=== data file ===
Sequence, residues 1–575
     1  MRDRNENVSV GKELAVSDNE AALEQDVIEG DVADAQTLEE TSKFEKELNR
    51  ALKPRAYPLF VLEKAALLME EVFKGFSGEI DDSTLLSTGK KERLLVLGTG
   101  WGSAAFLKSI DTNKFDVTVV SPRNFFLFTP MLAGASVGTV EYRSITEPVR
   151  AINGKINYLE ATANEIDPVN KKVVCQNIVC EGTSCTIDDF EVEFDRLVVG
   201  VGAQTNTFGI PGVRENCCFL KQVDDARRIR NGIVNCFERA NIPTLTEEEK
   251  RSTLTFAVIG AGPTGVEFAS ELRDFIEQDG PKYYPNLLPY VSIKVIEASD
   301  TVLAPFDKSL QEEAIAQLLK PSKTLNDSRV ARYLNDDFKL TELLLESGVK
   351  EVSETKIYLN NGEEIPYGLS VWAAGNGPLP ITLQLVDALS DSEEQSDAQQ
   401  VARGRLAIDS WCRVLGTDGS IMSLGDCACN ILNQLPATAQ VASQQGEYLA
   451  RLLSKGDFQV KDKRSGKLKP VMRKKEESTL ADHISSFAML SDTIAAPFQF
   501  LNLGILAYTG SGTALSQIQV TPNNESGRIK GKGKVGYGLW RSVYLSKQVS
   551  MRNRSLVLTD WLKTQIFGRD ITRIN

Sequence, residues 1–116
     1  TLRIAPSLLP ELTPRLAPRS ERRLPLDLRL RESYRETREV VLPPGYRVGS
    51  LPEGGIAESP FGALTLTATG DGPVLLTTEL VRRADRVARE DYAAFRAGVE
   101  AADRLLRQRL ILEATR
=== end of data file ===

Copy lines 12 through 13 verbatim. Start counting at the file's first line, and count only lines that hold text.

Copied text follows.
   501  LNLGILAYTG SGTALSQIQV TPNNESGRIK GKGKVGYGLW RSVYLSKQVS
   551  MRNRSLVLTD WLKTQIFGRD ITRIN